Greg Clifton, general manager of Defense & National Security Group at Intel, recently spoke with ExecutiveBiz regarding the top technology needs in the federal government, the state of IT modernization in the public sector, working with trusted partners and Intel’s efforts to restore the U.S. position as a leader in semiconductor manufacturing.
In addition, Clifton touched upon some of the hottest topics on the minds of government technologists, including edge computing and processing, High Performance during the latest Executive Spotlight interview.
You can read the full interview with Greg Clifton below:
ExecutiveBiz: What can you tell us about your background, history with Intel and the work that goes into helping you customers achieve their mission goals?
Greg Clifton: “I’ve been with Intel for a little over 22 years. As General Manager of the Defense & National Security Group, I manage a fast-growing team of mission experts, including retired military veterans, whose responsibility is to match Intel’s technologies to our clients’ mission requirements.
Those missions might be related to command and control, logistics or intelligence gathering. Whatever the need, we provide them with CPUs, data center technology, networking capabilities, and more, to help them succeed. We serve the United States by making sure our government agencies have the right technology tools to meet their goals.
We also work with our clients to help them leverage innovative technology where appropriate. I’m continually asking things like: How can we combine the data and processing power we have today to make big impacts? How can we leverage 5G, edge computing, AI, and other technologies, both from Intel and our partners, to enhance our customers’ missions?”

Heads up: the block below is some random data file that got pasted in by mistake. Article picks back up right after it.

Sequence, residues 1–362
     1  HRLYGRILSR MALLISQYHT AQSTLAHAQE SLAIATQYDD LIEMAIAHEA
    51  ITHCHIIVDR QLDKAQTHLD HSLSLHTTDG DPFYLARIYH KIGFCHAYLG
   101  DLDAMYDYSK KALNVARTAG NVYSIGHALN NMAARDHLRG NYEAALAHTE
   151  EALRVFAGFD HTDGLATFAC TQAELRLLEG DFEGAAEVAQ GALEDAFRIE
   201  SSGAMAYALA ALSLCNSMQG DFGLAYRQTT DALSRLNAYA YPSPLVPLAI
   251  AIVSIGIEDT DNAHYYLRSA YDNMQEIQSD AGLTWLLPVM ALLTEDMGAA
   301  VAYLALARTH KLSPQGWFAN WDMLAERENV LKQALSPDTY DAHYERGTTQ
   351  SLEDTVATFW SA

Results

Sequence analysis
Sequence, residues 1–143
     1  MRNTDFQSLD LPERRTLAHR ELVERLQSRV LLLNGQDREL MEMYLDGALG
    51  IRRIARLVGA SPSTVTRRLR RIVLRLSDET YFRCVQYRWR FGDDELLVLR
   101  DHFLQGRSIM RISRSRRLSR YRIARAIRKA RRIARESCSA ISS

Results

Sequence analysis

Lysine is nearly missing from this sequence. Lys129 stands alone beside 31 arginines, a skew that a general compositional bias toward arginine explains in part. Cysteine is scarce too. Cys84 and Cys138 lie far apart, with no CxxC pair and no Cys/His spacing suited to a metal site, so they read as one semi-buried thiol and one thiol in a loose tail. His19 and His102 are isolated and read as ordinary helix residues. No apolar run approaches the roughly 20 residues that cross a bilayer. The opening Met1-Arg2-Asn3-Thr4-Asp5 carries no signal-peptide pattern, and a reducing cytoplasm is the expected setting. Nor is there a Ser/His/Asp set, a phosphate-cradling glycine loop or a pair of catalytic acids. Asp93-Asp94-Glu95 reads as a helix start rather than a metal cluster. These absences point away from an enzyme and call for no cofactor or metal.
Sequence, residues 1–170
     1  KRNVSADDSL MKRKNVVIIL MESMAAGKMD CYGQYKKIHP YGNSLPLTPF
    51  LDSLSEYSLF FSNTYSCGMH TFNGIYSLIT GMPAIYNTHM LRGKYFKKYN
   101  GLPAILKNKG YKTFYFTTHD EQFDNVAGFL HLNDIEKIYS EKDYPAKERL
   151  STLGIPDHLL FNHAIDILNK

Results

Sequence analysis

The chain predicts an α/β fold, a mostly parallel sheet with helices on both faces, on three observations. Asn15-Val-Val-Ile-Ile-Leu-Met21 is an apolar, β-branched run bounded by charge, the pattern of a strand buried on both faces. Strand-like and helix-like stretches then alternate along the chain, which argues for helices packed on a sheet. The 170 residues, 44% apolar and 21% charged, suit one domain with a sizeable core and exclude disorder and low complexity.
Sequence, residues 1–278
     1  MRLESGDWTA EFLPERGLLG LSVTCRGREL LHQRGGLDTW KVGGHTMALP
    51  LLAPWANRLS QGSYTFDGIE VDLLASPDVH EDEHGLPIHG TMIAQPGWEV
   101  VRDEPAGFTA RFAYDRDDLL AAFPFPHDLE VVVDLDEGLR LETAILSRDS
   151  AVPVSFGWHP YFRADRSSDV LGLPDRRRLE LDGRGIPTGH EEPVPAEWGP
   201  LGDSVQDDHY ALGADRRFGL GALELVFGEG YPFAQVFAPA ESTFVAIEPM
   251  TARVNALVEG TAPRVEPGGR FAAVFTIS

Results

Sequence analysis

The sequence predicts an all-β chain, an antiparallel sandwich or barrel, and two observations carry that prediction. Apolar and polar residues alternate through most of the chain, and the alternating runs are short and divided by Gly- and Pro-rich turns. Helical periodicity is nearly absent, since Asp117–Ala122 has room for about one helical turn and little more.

ExecutiveBiz: How is Intel supporting the DoD and IC’s need for real time intelligence?
Greg Clifton: “Many of our customers are interested in moving data processing to the edge because it helps significantly improve the speed of information gathering and processing.
Historically they’d collect data on a sensor, physically remove the drives, and send the data to an analyst for processing, who would create a report and send it to a mission commander. All of this took an extraordinary amount of time.
Now, data can be collected and analyzed on edge devices and processed in near real-time time at the point of collection, whether that’s a sensor on a plane, collected by a warfighter in the field, or something else.
We enable decision making by delivering processing power at the edge in a form factor that addresses the stringent requirements for size, weight, and power. We do this by leveraging the vast array of compute capabilities of our Intel XPU strategy, including CPUs, GPUs, accelerators, video processing units, and more, to process any type of data from any sensor and at any point in the data flow.
Simultaneously, we provide silicon into base stations, flexible Radio Access Network capabilities, and more. It’s all as part of Intel’s concerted effort to allow High Performance Computing (HPC) at the edge.
At the same time, many of our customers are continuing to demand traditional HPC. We’re always looking to push the envelope in this area and find ways to process high data volumes to get quicker and more accurate answers.